Summer 2011 had proved a big problem, however. His wife, Maureen, had become fast friends with Jonnie R. Williams a rich Goochland County businessman. Williams had given Ms. McDonnell a $50,000 check and also paid $15,000 for her daughter’s wedding luncheon that June. She had traveled with Williams helping promote Anatabloc, Williams dietary supplement that has since been pulled off the market by the U.S. Food and Drug Administration.

The problem was — whose million-dollar-plus house would the McDonnells use? Williams very much wanted the McDonnells to stay at his sprawling domicile on the tip of a peninsula. Delta Star wanted the McDonnells to stay at their place.

What to do? They split it. The McDonnells stayed at Williams’ house for a getaway valued at $2,268 value according to VPAP. He also laid on a Ferrari that the governor could enjoy driving on the way home.

Delta Star made sure the family was entertained and fed. They provided the family with their very own boat to cruise the lake and catered meals – a $1,892 value for a long weekend.

Delta Star’s feelings didn’t seem to be hurt since they laid on another entertainment gift worth $10,182 in 2012.

And while we’re talking lakeside homes, guess who else also stayed at Williams’ place? Former Atty. Gen. Kenneth Cuccinelli, that’s who – to the tune of $3,000 in 2011. We haven’t heard much recently from the former firebrand, hard right politician but he is on the witness list.

And so it goes. And, by the way, getting vacation favors is very common. Check out former Gov. Tim Kaine’s expensive sojourn on the turquoise blue waters of the Caribbean Sea.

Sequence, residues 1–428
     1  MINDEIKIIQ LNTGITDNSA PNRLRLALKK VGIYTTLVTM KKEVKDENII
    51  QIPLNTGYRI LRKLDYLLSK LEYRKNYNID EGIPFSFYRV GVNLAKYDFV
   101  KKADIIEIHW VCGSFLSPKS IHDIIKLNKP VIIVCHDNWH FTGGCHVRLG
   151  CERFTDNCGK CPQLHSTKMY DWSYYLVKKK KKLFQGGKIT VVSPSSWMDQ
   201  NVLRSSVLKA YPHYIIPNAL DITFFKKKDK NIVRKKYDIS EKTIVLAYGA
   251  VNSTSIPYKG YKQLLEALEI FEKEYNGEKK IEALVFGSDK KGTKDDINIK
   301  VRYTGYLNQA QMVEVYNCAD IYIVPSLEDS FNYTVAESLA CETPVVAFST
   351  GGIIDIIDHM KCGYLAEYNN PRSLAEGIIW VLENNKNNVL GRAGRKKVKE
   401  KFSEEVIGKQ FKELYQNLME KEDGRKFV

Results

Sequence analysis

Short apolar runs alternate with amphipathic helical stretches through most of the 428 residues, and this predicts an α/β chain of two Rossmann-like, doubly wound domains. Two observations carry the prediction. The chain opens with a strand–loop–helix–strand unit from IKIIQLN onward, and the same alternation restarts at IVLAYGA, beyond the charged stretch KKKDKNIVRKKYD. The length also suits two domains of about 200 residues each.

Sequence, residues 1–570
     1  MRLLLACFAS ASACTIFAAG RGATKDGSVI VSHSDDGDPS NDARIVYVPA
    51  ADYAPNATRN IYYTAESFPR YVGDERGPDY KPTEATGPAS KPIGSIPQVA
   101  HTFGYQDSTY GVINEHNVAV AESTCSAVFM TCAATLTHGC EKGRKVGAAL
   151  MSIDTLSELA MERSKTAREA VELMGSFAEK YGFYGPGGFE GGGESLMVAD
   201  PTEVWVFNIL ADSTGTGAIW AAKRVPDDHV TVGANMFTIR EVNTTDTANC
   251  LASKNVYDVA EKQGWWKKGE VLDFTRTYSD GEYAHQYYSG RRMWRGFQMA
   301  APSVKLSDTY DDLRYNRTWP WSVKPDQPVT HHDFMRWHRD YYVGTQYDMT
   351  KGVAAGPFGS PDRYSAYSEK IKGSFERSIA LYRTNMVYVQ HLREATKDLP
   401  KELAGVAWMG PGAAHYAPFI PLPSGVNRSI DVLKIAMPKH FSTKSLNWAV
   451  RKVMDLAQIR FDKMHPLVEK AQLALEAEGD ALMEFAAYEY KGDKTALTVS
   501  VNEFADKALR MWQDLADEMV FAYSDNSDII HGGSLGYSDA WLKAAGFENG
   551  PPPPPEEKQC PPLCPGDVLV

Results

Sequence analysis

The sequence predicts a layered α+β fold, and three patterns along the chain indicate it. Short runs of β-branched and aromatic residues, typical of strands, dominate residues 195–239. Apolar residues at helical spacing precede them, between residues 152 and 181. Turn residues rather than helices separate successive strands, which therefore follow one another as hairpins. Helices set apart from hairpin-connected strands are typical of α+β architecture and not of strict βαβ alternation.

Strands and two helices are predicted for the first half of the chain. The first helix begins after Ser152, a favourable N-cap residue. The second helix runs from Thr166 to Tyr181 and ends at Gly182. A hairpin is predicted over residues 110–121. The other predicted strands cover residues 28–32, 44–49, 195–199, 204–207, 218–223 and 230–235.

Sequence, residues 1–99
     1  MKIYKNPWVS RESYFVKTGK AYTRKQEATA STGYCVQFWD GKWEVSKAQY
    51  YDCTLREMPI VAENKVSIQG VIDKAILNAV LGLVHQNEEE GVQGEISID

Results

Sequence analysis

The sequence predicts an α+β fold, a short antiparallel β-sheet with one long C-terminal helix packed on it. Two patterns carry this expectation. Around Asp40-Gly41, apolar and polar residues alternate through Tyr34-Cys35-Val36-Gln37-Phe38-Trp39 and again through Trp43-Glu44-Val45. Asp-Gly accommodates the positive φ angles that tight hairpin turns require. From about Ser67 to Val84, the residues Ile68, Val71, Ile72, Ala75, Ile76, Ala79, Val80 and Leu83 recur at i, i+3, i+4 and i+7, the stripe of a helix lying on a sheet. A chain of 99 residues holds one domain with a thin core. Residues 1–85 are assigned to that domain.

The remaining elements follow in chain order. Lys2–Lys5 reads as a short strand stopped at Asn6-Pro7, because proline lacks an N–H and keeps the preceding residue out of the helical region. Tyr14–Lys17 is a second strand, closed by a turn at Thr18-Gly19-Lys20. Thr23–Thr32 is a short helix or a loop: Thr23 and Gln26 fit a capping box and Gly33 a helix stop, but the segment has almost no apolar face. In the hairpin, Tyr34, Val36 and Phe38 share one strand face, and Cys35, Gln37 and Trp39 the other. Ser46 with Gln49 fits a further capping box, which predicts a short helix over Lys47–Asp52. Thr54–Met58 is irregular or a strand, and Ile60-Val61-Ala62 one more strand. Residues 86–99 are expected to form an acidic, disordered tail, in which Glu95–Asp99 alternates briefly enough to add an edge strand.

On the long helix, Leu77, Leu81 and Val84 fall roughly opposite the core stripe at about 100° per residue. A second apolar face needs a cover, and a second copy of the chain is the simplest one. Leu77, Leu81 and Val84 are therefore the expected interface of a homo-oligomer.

It’s not the only way Virginia’s extremely lax ethics laws work.

If you use your PAC, you have an automatic teller machine. For instance, Tim Hugo of Fairfax, the third-ranking Republican in Virginia’s House of Delegates, expensed nearly $30,000 for travel and food and $9,400 for his cellphone over an 18-month period. As a spokeswoman for the State Board of Elections told The Washington Post’s Laura Vozzella in 2013, “If they wanted to use the money to send their kids to college, they could probably do that.”

Bringing out the Knives

An Afghan pesh-kabz

An Afghan pesh-kabz

by James A. Bacon

There is a rising tide in the op-ed pages, TV commentary and blog commentary that former Governor Bob McDonnell is a brutish, swinish cad for portraying his wife Maureen as the heavy in the corruption trial. You’ve got to love liberals. They’re so very compassionate…  until they’re talking about their wounded enemies. Then, like the Afghan women in the Rudyard Kipling poem, “The Young British Soldier,” they scour the battlefield to “cut up what remains.”

If Maureen and Bob McDonnell had been Democrats instead of Republicans, we would be treated to a litany of perspectives on the heavy toll of political life upon the marriages of elected officials, the unambiguous signs that Maureen was suffering from depression, and speculation from mental health experts to provide subtlety, nuance and context to the story.

No such compassion is accorded McDonnell, who now is being depicted as a man who “betrayed” his wife and was willing to “flay” her character in order to save himself, just to cite the observations of Petula Dvorak and her headline writer in the Washington Post. (Bacon’s Rebellion‘s very own Peter Galuszka is no kinder.)